4/2/90: Did I mention I got into Brandeis? Notice how thrilled I am. I am crazy, I know, to be miserable after getting into all five schools, but Washington is screaming for me. [This is where my high school boyfriend, B, was going to college.] I envy B because I know he will make it one day. Most people like B a lot more than my parents – they make him nervous. They make me nervous. They ARE nervous. Today was the first day of the last marking period I will ever spend in high school. We picked our gym classes 1st period – I got tennis and frisbee. Taxi driver killer LC is back in school – and guess when she has gym? [Please Google for more info – I don’t feel safe providing it.] I’m still thinking about that movie “Threads” and nuclear war. Today had no characteristic trait. It will blend into my memory and I will never know the difference between it and any other day. It sucked.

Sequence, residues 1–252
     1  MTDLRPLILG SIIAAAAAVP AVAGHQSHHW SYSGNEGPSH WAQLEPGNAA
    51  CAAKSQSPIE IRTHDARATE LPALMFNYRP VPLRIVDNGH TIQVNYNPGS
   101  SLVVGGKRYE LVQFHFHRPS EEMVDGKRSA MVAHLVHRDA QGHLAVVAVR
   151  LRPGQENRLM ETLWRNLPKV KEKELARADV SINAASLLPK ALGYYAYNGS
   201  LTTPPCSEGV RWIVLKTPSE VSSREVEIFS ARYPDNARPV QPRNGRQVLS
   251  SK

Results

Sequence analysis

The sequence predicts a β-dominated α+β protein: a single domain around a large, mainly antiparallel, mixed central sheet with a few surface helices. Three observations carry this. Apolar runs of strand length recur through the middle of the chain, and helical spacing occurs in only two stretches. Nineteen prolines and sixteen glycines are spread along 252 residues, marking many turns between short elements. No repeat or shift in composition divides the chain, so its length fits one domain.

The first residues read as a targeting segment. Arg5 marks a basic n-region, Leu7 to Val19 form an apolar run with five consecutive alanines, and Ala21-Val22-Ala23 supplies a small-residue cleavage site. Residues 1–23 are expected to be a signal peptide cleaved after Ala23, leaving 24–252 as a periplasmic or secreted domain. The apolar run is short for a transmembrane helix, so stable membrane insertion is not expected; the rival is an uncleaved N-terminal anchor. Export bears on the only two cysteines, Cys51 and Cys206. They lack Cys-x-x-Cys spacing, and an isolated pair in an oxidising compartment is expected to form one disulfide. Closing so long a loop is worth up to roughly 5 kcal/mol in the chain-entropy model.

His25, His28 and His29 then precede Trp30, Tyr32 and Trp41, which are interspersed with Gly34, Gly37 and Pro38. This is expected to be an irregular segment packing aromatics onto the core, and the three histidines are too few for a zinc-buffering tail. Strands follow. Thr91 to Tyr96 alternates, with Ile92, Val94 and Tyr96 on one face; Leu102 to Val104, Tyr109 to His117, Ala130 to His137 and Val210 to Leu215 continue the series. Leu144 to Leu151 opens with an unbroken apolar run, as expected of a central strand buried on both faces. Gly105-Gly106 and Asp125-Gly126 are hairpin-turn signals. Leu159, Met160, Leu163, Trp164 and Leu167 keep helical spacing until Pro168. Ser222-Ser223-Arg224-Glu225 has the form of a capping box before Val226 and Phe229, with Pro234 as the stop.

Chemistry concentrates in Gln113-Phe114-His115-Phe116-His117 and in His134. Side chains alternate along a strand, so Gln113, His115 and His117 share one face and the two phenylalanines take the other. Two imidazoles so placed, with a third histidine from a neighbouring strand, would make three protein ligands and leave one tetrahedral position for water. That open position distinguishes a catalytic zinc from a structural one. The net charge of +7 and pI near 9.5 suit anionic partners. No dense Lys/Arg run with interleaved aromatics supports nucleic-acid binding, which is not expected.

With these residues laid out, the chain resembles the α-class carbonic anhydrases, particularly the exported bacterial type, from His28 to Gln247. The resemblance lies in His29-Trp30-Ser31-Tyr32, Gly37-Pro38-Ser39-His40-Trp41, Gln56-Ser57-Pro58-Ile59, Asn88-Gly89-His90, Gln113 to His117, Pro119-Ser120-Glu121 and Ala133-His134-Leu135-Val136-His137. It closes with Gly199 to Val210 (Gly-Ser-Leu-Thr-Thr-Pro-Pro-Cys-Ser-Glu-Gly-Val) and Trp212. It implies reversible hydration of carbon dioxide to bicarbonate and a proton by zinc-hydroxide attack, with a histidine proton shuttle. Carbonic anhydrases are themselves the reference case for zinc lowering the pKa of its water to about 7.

4/3/90: A [unrequited love of my high school life] looked so sad today. I asked how he was and he said “mediocre.” I asked if there was anything I could do and for a second, he looked like maybe there was [I can assure you the thing I could do was to shut the fork up], but he shook his head. On his way out of class he stopped at my desk and stared down at me with a weird look on his face. [I can assure you the weird look was his way of saying, “For the love of GOD you freak, stop writing about me in your guinea pig-scented diary.”] Being nice gets you nowhere except shit on, life is shit. The people who are vicious and cruel are a lot happier. B read me 25 characteristics of a disorder termed “anxious-neurotic.” I fit every single one. Nicole and Bob came over. Bob and I hate half a pint of Heath Bar Crunch. I feel sick.